The letter that is the *first link in the story,* you mean?

BTW, another small thing given your immense attention to detail: it's "Proven", with an R.

HTH. HAND.

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Facepalm

Re: Nearly made it

"The letter that is the *first link in the story,* you mean?...." Most sorry, I though that had been added by the editor, seeing as I couldn't grasp how anyone could have read the letter but still insisted the "killing" was immediate. Apologies for assuming that you had merely been ill-informed rather than deliberately misleading.

".....another small thing given your immense attention to detail....." You want to quibble over a typo after deliberately ignoring the seven plus years until VMS is really dead? Surely passing on that quite key bit of information was more important to the majority of the readers rather than the spelling of your name. Are we maybe a little egocentric? Forget the pot, that's like the chimney calling the kettle "slightly dark"!

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Anonymous Coward

Re: Nearly made it

You need to learn when to stop digging and keep a discreet silence, Mr Bryant.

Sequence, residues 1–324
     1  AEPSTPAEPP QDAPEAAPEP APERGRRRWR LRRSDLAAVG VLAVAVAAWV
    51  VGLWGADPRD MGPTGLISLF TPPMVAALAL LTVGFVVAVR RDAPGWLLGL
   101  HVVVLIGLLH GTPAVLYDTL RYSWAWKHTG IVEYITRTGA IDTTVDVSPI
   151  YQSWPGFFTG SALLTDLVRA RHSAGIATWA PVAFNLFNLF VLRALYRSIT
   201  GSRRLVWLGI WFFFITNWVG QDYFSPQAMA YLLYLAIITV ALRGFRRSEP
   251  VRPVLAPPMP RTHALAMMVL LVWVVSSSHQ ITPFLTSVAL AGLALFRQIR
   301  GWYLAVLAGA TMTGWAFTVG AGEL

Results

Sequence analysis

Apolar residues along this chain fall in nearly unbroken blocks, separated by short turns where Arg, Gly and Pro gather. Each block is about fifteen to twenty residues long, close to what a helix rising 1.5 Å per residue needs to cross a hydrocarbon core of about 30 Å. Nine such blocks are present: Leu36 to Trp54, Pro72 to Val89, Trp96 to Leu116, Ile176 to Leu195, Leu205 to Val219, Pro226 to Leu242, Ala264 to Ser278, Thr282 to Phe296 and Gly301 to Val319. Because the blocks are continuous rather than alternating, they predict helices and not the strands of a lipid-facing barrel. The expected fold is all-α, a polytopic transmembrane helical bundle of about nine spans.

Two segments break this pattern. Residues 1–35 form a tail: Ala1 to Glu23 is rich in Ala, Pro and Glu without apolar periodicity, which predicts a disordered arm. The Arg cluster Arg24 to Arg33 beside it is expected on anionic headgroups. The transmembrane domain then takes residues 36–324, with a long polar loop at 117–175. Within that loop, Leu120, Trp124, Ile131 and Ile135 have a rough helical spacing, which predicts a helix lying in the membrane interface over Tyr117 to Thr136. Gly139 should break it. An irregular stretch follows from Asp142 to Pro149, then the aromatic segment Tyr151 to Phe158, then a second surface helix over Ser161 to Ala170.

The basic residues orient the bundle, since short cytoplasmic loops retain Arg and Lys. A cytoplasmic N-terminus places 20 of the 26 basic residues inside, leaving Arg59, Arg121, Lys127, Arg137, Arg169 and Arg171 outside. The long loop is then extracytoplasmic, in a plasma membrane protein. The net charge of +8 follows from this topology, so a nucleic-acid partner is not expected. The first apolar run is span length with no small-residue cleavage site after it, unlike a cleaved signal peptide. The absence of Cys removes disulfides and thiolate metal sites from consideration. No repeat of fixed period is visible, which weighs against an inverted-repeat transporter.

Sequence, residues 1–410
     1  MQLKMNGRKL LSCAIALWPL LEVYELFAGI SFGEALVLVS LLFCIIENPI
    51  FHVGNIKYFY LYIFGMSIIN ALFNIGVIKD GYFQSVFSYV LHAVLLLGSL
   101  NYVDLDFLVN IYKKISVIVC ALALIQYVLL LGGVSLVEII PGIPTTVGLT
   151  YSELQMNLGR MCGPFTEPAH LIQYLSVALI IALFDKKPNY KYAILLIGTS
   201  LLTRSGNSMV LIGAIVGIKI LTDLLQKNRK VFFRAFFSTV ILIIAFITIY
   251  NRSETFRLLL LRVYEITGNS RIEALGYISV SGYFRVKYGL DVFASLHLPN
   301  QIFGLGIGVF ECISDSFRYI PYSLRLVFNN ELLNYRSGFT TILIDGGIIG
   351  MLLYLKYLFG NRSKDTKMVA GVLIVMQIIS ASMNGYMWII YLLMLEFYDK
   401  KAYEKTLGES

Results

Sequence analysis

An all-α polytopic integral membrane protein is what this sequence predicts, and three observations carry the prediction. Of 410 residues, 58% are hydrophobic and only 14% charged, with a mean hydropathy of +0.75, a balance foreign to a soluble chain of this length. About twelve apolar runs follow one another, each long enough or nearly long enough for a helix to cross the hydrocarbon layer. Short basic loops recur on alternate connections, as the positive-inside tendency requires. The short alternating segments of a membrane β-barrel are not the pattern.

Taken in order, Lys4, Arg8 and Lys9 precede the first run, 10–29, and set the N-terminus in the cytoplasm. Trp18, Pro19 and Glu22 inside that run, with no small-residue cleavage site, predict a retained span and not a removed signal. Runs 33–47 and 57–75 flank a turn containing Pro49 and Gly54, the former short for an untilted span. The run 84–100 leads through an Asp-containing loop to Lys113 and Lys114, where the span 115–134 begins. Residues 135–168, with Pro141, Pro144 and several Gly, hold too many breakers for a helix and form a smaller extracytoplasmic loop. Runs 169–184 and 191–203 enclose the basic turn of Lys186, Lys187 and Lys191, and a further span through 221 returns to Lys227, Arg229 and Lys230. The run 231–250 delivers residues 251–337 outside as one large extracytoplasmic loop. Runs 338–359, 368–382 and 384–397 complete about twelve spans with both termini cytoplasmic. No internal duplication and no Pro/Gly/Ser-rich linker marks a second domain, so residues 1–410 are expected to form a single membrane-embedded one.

But since you didn't do that here...

"We are committed to providing you updates and support for the V8.4 OpenVMS operating environment through at least December 31, 2020..."

A year or so ago, HP were saying in public that they were "committed" to delivering VMS on Poulson (that's the next generation Itanium, for those who have understandably been ignoring the world of IA64).

HP have reneged on that announced commitment. They're now saying that the "port" to Poulson is too expensive (?!).

In that context, and given that VMS engineering and support was offshored from New England a few years back, what sensible VMS customer is going to believe the 2020 commitment?

Sensible customers will see 2020 and realise it's a high risk gamble. I expect IBM will be getting a little unexpected new business in the next few years.

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Happy

Re: AC Re: Nearly made it

".....digging....." More like taking a dig at Mr Poven - oh, sorry, that's Proven, wouldn't want to upset him again. ;)

".....They're now saying that the "port" to Poulson is too expensive (?!)....." Agreed, I suspect it is more a case of a little less will than any actual great difficulty. The Poulson cores aren't different enough from Tukwila to require a port, but spending the lab time and money on verifying OpenVMS with the new i4 servers seems to be a task hp can't be bothered with (they have to verify the new servers before they can offer support on them). With hp not offering support for the new i4 servers that leaves current OpenVMS customers with the Tukwila kit at best until December 2020. Maybe hp just weren't seeing enough new OpenVMS licences going out the door to make it commercially viable.